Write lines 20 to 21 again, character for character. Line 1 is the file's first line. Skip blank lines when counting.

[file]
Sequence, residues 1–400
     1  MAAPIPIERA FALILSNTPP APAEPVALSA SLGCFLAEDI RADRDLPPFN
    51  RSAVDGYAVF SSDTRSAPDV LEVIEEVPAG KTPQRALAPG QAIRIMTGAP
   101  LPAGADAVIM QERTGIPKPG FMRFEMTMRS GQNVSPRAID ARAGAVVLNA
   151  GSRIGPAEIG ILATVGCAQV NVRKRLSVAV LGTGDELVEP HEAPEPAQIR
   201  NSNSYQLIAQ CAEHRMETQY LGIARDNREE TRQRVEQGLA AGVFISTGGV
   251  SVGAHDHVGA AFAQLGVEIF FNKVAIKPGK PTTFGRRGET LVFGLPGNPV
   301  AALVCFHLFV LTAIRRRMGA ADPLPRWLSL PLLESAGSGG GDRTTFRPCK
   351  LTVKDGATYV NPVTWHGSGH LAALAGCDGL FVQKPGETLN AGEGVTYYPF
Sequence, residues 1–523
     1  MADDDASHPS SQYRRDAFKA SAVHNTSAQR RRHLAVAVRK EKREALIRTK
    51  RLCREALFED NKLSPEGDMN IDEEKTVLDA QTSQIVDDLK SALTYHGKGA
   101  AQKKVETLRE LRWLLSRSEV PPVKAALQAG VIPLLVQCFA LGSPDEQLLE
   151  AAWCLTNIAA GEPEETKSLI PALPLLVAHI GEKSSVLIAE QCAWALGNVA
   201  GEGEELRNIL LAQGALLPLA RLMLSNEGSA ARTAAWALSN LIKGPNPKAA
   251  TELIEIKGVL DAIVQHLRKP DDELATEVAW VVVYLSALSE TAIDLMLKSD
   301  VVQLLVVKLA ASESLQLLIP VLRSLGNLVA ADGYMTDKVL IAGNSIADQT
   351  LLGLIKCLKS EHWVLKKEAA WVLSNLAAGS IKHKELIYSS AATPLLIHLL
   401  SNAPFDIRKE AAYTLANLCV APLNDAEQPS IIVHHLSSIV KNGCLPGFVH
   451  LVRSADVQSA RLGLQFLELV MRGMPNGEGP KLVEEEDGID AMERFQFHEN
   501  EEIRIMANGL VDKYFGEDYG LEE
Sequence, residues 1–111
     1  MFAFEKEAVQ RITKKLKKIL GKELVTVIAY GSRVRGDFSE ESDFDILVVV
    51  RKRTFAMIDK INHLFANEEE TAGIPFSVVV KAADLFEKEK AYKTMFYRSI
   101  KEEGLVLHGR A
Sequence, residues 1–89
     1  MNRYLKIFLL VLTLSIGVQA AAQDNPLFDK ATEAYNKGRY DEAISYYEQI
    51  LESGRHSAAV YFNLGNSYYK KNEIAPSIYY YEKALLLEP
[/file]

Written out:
   451  LVRSADVQSA RLGLQFLELV MRGMPNGEGP KLVEEEDGID AMERFQFHEN
   501  EEIRIMANGL VDKYFGEDYG LEE